Charges possible after oversights lead to brain-damaged baby
Cerise Lawn says pregnant women must speak up when things don't look right, after signs of distress were overlooked and her baby was left struggling with disabilities from a damaged brain.
Her daughter Ariana was the victim of a botched labour and birth in January 2012.
Health and Disability Commissioner Anthony Hill has criticised an obstetrician, a midwife and the Taranaki District Health Board. A decision is pending on whether charges will be laid against the two practitioners in the Health Practitioners Disciplinary Tribunal.
After the obstetrician arrived at Taranaki Base Hospital at 2.50am on January 24, 2012, he decided against an emergency caesarean because the other staff were at home asleep and a vaginal delivery would be quicker than calling them in, Mr Hill said. He ruled out forceps on the basis of his unsubstantiated impression that Mrs Lawn did not want obstetric "interference".
This belief was reinforced when the Lawns did not welcome him to the birthing unit, although he acknowledged Mrs Lawn would be very tired because of her labour.
When asked what welcome he normally expected, he told the commissioner's staff, "Patients would recognise the fact that I am there, or say, 'Thank God you have arrived' or whatever ... On this occasion, nothing was said by the patient."
Asked if this might have influenced his care, he said, "Well, I guess I had in my own mind that she preferred to do it all herself if she could, and I guess at that time I went along with it."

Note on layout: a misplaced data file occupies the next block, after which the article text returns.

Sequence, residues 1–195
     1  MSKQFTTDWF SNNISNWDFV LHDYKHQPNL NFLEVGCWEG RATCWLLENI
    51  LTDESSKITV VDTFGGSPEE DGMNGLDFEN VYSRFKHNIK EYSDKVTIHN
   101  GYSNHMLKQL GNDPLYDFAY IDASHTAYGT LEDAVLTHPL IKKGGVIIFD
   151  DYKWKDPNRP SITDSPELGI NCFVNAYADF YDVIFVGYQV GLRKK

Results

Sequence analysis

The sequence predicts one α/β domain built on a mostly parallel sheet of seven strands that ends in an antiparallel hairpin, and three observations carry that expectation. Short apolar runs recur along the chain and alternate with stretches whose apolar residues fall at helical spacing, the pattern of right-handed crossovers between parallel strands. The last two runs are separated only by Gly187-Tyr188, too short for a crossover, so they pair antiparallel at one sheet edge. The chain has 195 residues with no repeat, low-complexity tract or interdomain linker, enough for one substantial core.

He gave Mrs Lawn the drug Syntocinon to bring on the delivery. An expert cited by Mr Hill said this might have increased the fetal stress and should have been accompanied by continuous electronic monitoring of the fetal heart rate and labour contractions.
Mrs Lawn, 23, believes Ariana's troubles could have been avoided if antibiotics had been given during labour and proper monitoring had been done.
She told the Herald parents should watch for "red flags" such as lack of monitoring during labour or the presence of meconium - fetal poo - and make sure that staff do something about it.
Meconium in the amniotic fluid, visible after a woman's waters have broken, can indicate fetal distress.
Ariana has moderately severe cerebral palsy. She suffers developmental delay and seizures, is fed mostly via a tube through her abdomen and can say only about 10 words. Mrs Lawn is unsure if she will ever walk unaided.
The obstetrician, who has since ceased practising, was Mrs Lawn's lead maternity carer (LMC) and shared her care with an Opunake doctor. He saw Mrs Lawn only three times before the birth and did not document a plan of care. He breached his legal obligations as LMC, Mr Hill said. His failings were a "severe" departure from expected standards.
Ariana had to be resuscitated when she was delivered at 3.50am because she was pale, floppy and "flat with no respiratory effort", Mr Hill said.
The neonatal team should have been called immediately, but this was delayed several minutes while the obstetrician tried to resuscitate the baby himself, with a method that could have aggravated Ariana's problems from having meconium in her airways. Hospital staff had noticed meconium-stained liquid four times after Mrs Lawn's waters broke.
Mrs Lawn said she, her husband Tim and a support person repeatedly expressed concerns about the meconium but the staff kept reassuring them by telling her: "You're coping beautifully."
The DHB said it had accepted Mr Hill's findings and implemented his recommendations.
• Ariana Lawn was born in January 2012 after a botched birth at Taranaki Base Hospital.
• Signs of distress during the labour were overlooked and Ariana now suffers from moderately severe cerebral palsy.
• The Health and Disability Commissioner has criticised an obstetrician, a midwife and the Taranaki District Health Board over the botched labour.
• A decision is pending on whether charges will be laid against the two practitioners in the Health Practitioners Disciplinary Tribunal.